It’s past time for Mario Addison to be recognized throughout the NFL for how good he really is.
Addison, the Carolina Panthers’ best and most consistent pass rusher for the past three seasons, has now also become one of the best and most consistent pass rushers in the league.
At age 32, the guy with the big personality and the James Harden beard has 6 1/2 sacks through five games. That ranks him third in the NFL and could be the beginning of a career year. It’s also good timing, as Addison is in the last year of a three-year, $22.5-million contract with Carolina and is playing for a new one.
His first Pro Bowl appearance could come next, although Addison has his doubts about that.
Said Addison after making a key strip-sack in Carolina’s 34-27 win over Jacksonville Sunday: “The Pro Bowl would be good, but sometimes the Pro Bowl is rigged up — it’s all about popularity … I don’t care about being popular. I’ve been under the radar my whole career.”
That he has been. Undrafted out of Troy, Addison was hired and fired by three teams before finally sticking with the Panthers in 2012. His ascension has been steady. Only Tampa Bay’s Shaquil Barrett — who, also undrafted, has 9 sacks, including three in his first meeting with Carolina — boasts more quarterback takedowns than Addison in 2019.
Addison’s sack Sunday was representative of how he has improved. Known mostly for being a speedy edge rusher (Cam Newton once nicknamed him “Super Mario” and called him an “edge nightmare”), Addison is strong enough to win inside when the Panthers move him around.
Lined up as a stand-up defensive tackle early in Sunday’s game, Addison found himself facing Andrew Norwell. The two have a long history, as Norwell was a Panther starter before Jacksonville made him the NFL’s highest-paid offensive guard in 2018.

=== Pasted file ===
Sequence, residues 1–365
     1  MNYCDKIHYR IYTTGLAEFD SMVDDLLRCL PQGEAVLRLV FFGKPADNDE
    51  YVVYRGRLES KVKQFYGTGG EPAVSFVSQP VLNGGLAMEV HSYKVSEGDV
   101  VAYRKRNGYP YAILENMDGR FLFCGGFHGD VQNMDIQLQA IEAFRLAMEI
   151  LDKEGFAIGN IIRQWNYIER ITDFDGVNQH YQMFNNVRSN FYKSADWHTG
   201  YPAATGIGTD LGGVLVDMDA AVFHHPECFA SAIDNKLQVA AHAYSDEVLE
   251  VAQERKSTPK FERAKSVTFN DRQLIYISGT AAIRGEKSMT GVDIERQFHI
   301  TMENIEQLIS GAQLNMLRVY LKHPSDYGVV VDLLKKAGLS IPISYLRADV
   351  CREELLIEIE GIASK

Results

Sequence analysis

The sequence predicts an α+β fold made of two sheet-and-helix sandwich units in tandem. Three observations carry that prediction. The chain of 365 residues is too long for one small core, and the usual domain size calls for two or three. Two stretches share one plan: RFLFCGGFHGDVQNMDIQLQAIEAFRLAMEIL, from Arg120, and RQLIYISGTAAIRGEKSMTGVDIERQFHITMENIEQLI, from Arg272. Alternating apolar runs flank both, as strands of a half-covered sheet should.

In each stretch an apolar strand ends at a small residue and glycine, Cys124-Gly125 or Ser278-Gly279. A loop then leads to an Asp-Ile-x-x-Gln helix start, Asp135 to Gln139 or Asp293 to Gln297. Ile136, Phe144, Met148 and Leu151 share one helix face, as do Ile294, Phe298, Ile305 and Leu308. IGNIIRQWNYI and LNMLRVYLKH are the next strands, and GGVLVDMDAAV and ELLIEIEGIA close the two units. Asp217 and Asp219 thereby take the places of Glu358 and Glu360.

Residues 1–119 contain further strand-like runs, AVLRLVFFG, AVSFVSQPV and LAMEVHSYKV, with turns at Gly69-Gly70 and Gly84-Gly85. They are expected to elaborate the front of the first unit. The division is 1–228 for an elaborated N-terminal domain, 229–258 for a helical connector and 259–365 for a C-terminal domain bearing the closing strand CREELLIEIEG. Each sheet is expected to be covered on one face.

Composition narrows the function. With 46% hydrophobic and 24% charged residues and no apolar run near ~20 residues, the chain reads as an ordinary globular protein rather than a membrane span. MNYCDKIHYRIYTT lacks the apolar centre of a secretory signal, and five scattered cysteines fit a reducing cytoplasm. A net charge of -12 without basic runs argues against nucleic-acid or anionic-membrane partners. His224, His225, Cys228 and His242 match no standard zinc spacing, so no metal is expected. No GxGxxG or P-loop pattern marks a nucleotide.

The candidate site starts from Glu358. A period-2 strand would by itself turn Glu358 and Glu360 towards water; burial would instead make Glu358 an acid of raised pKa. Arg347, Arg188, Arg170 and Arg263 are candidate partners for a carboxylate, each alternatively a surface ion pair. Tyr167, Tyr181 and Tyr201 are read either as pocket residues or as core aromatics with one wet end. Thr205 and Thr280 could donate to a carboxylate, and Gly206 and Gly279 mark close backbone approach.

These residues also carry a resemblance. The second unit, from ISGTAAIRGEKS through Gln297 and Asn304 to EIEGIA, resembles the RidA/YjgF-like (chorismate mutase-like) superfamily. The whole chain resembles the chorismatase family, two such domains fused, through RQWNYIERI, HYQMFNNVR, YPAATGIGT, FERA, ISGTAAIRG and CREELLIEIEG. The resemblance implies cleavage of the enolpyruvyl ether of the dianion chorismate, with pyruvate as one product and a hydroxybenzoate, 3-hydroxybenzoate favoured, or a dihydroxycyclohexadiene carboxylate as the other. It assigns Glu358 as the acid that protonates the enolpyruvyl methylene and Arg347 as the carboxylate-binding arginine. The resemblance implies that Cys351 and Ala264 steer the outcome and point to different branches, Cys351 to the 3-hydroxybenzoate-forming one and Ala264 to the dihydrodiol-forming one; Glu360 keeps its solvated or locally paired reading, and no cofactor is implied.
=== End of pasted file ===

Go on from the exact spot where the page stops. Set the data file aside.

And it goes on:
Instead of trying to slip around him, Addison went through him.
“I stabbed him (with his hands), got his hands off of me, and I ran him back to the quarterback,” Addison said.
Norwell, who at 325 outweighs Addison by 65 pounds, looked like he was on roller skates. He never could get anchored again. Addison threw him into Jacksonville quarterback Gardner Minshew, and the impact knocked the ball loose. Panthers rookie defensive end Brian Burns was the lucky beneficiary, scooping the ball up on one bounce and running 56 yards for a touchdown.
When asked about Burns’ run, Addison smiled. “I saw a a guy who was very hungry,” Addison said. “And when he touched that ball — man, he ran like it was a stuffed turkey.”
Those are the kinds of things that Addison says. He’s a creative interview subject. When asked if the sack Sunday meant more because it came against Norwell, Addison boomed: “Hell yeah! You know it, man. I’ll take that one sack vs. two or three, as long as it’s against Norwell.”
When he spoke about chasing Minshew around, Addison said: “I was running out there one time, I see his mustache fall off and it went that way. I slowed down and went for the mustache. He kept running away so I had to redirect and go get him. He’s slippery, man.”
What can’t happen for Addison this season is the sack drop-off he experienced in 2018. By the midpoint of 2018, Addison had 7 1/2 sacks and seemed well on the way to surpassing his career high (11 sacks, in 2017).
But Addison had only 1 1/2 sacks in the Carolina’s final eight games. His decline paralleled the Panthers’, who went 1-7 over the second half of the season to miss the playoffs.
Now the Panther called “Rio” by his teammates is off to another strong start. He may have a slight advantage coming this weekend, too, having been to London to see the Tottenham Hotspur stadium where Carolina will play Tampa Bay on Sunday (9:30 a.m. kickoff). Addison served as an NFL ambassador during that summertime trip.
“It’s amazing,” Addison said. “It’s a next-level field. People are going to love it.”
People love Addison, too — at least the ones in his own locker room.
“He’s just winning one-on-one,” Panthers defensive coordinator Eric Washington said, adding that he believes Addison is actually getting better at age 32.
“Mario is the guy who always performs for us, even though he’s been under the radar for years,” Panthers safety Tre Boston said.
That may be changing, though. If Addison can avoid his second-half doldrums from a year ago, a Pro Bowl and another big contract are about to be in his immediate future.